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RANDY: When we last spoke to Joplin High School Choral Director Eric Eichenberger, he and his chorus were at the Gillioz Theatre in Springfield preparing a fundraising concert for the Joplin Schools music program. When I spoke with Eric last week, it was in the cafeteria--and music-rehearsal room--of the temporary 11th- and 12th-grade school facility housed in the formerly-vacant Shopko building at North Park Mall in Joplin. I asked him to talk about what they were able to salvage last year from the ruins of the former Joplin High School at 20th Street and Indiana.
ERIC EICHENBERGER: We had a pretty extensive music library. And they discovered that the value of that, with some of the things that were no longer in print, especially for orchestra and band in particular, it would be of benefit togo in and try to retrieve some of that. And so they did. A company came to estimate that it was probably close to $800,000 worth of music. Some of the music was unusable because of the mold and water damage. I would say it probably sat there for three months at least. I think they were able to retrieve a fe instruments, but very limited stuff.
RANDY: Eric says that, somewhat surprisingly, about 60 percent of their sheet music and scores were able to be salvaged. But much else was lost.
ERIC: We lost risers, platforms, pianos, choir robes--just a wide variety. And the band and orchestra lost a significant amount of stuff--they lost these incredibly valuable instruments.
RANDY: One precious choral-music memento was uncovered by Joplin senior Tori Mitchell just after the tornado. She, her cousin and a friend were able to get past the National Guard troops in the school parking lot and crawl over the rubble of the fallen choir-room wall to see if there was anything they could save. Tori suddenly saw, half-buried, something blue and shiny. A bit of digging revealed the first-place show choir competition trophy the Joplin High School choir had won in 2011.
ERIC: And a lot of the kids, right after the storm, wanted something tangible to remember that buildng with. And this year all the graduates are receiving a brick from the original building that has been cleaned and painted with a scene in front of the old school. So it's kind of a nice sentimental token that they can take with them from the old building.
RANDY: Fundraising and donation efforts, of course, are continuing, says Eric Eichenberger. School music departments from around the state and across the country have held fundraisers and sent checks.
ERIC: We received a $25,000 grant from the 20th Century Fox/"Glee" Give-A Note promotion. 20th Century Fox teamed with the Music Educators National Conference, and they awarded schools that were in need. We were one of the first-place winners and we won a $25,000 grant to use as we needed to for our departments. And we've had costume companies that have donated items. Barry Manilow and his foundation brought in some pianos. We've had just an outpouring of support, and it has continued on throughout the year.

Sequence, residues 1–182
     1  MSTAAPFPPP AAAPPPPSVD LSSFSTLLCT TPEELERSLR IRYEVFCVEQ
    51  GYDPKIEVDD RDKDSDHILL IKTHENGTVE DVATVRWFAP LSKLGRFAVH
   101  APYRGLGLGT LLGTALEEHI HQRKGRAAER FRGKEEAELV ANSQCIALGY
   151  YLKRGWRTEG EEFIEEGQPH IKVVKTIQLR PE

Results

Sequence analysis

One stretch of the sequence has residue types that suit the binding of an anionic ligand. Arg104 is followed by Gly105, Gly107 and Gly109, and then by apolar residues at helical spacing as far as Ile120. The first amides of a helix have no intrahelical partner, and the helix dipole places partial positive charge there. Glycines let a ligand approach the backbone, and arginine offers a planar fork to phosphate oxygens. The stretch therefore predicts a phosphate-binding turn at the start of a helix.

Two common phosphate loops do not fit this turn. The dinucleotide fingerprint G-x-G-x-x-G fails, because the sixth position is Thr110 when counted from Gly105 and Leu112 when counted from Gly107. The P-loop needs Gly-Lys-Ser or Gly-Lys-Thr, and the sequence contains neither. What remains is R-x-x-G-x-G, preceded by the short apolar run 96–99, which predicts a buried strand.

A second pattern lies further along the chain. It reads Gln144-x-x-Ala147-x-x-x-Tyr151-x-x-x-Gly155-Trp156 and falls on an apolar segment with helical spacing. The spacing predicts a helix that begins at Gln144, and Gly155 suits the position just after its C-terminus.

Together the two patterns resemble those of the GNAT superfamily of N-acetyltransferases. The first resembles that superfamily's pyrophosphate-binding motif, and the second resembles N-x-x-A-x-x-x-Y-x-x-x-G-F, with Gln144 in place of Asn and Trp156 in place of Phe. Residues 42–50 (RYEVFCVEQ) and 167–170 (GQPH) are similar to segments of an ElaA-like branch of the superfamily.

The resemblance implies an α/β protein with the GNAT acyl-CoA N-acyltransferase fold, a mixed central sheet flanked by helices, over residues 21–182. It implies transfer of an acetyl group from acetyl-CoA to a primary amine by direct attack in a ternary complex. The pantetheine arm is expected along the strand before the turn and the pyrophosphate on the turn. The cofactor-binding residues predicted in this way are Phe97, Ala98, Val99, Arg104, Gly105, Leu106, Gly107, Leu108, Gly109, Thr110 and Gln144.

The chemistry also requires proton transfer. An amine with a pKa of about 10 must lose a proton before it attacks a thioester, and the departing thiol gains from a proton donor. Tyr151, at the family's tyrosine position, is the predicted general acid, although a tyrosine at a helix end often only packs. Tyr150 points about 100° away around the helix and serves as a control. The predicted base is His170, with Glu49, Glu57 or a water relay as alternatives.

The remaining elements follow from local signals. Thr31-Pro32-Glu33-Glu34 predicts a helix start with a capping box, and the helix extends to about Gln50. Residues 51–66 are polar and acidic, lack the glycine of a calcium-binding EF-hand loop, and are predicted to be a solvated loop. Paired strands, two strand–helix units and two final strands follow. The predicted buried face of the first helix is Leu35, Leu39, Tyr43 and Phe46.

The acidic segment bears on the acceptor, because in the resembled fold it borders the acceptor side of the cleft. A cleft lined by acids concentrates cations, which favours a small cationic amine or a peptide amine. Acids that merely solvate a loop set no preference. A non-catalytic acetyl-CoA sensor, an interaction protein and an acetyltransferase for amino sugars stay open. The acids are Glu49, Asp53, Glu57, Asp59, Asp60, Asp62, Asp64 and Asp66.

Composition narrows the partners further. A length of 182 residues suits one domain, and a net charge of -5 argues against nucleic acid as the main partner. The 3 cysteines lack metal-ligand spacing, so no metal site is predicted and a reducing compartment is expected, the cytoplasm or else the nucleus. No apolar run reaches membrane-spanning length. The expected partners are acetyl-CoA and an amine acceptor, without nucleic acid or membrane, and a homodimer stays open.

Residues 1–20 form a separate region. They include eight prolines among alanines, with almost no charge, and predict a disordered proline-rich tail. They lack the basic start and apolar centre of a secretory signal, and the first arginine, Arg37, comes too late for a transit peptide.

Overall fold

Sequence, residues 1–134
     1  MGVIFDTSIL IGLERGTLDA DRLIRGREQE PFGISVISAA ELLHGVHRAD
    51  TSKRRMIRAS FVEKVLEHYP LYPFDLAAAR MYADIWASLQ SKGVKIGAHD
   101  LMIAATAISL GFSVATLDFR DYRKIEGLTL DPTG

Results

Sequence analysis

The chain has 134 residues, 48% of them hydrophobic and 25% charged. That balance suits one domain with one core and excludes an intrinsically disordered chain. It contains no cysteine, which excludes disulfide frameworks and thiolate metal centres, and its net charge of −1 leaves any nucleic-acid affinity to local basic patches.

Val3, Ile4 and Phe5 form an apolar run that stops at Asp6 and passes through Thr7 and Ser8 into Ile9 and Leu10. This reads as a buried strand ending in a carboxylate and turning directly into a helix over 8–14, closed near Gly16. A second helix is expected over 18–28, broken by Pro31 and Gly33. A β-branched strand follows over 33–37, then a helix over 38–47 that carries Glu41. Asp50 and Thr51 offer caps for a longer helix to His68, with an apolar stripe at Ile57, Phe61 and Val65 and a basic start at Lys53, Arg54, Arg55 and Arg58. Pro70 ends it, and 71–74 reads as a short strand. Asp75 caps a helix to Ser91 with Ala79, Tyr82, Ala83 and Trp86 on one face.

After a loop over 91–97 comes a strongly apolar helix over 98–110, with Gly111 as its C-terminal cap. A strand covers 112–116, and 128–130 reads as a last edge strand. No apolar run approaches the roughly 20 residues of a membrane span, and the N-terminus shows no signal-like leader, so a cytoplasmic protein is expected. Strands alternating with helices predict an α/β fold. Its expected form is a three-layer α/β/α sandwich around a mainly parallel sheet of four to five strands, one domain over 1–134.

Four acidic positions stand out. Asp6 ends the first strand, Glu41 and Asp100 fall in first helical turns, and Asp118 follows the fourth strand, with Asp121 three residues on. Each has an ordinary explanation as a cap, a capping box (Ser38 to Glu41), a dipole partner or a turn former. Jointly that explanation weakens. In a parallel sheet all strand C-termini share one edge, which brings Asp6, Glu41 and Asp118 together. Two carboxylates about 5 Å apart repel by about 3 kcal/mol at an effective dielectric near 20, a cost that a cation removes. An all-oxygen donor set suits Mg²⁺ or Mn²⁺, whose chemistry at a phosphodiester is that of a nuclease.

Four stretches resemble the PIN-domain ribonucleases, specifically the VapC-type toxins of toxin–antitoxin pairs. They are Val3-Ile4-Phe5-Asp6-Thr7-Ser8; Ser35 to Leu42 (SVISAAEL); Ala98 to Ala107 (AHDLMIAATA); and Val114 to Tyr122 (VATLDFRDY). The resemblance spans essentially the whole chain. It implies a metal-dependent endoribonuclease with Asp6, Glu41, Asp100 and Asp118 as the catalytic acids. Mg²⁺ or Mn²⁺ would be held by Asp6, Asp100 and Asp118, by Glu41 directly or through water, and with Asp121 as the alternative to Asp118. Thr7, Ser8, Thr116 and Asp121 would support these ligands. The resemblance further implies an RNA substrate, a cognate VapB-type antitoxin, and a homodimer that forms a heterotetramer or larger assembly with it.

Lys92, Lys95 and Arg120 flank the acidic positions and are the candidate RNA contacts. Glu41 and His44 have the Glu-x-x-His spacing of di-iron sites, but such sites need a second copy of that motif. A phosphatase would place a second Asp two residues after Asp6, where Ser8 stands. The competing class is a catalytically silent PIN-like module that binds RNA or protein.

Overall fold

RANDY: Some of the lost and damagefd items have been replaced, but as Eric says...
ERIC: We're nowhere near where we were.
RANDY: The biggest item requiring replacement, of course, is the school building itself, and that's going to take a while.
ERIC: We're scheduled to move into a new building in August of 2014.
RANDY: But that's two years away. How have the students adapted to the stress and chaos of having to attend a temporary, replacement high school?
ERIC: It has been challenging, but the students have an amazing resilience. I still am kind of amazed at the obstacles that they may have had to overcome just to be coming into school every day.
RANDY: Losing their homes and having to relocate is one major obstacle.
LISA BRUMLEY: Yeah, it's been really difficult, because I'm living in Carl Junction right now and I used to live--
RANDY: Did you lose your house?
LISA: Yeah. I used to live two minutes away from the high school, and now I live 15 minutes--with no traffic--away. And I also have to go to the other, "9-10" campus for first hour, and then drive all the way over here. And it's been really hard going with that, because gas is just going up!
RANDY: And despite the great renovation job performed on the Shopko building, there are many temporary walls that don't reach all the way to the ceiling.
LISA: With the walls not going to the ceiling, you hear everything that goes on around you!
RANDY: Joplin junior Madison Kendall agrees.
MADISON KENDALL: You can feel that it's temporary, and the walls don't go all the way up to the ceiling, so it's very LOUD in all of the classrooms. And that's rough.
RANDY: The sound of singers and musicians rehearsing in the cafeteria don't stay in the cafeteria either. But as Eric Eichenberger suggested, the mood of the students I talked to is, overall, quite upbeat.
LISA: It's still really cool. You know that they did their best.
RANDY: Meanwhile the needs are great throughout the Joplin school system. You're encouraged to visit www.donorschoose.org to see what Joplin teachers need (and to donate funds or specific materials to meet those needs).